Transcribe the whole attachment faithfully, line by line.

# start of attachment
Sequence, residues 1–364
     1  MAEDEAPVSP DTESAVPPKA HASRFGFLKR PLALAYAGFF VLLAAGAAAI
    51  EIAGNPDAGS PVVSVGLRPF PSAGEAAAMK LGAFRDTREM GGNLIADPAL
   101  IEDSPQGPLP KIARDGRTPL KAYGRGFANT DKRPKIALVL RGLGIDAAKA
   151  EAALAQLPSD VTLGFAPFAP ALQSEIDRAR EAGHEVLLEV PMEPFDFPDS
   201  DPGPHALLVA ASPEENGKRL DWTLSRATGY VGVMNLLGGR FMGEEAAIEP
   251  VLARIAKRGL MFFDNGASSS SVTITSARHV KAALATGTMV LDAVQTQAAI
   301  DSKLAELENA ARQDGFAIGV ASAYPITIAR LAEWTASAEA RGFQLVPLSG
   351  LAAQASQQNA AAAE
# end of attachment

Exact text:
Sequence, residues 1–364
     1  MAEDEAPVSP DTESAVPPKA HASRFGFLKR PLALAYAGFF VLLAAGAAAI
    51  EIAGNPDAGS PVVSVGLRPF PSAGEAAAMK LGAFRDTREM GGNLIADPAL
   101  IEDSPQGPLP KIARDGRTPL KAYGRGFANT DKRPKIALVL RGLGIDAAKA
   151  EAALAQLPSD VTLGFAPFAP ALQSEIDRAR EAGHEVLLEV PMEPFDFPDS
   201  DPGPHALLVA ASPEENGKRL DWTLSRATGY VGVMNLLGGR FMGEEAAIEP
   251  VLARIAKRGL MFFDNGASSS SVTITSARHV KAALATGTMV LDAVQTQAAI
   301  DSKLAELENA ARQDGFAIGV ASAYPITIAR LAEWTASAEA RGFQLVPLSG
   351  LAAQASQQNA AAAE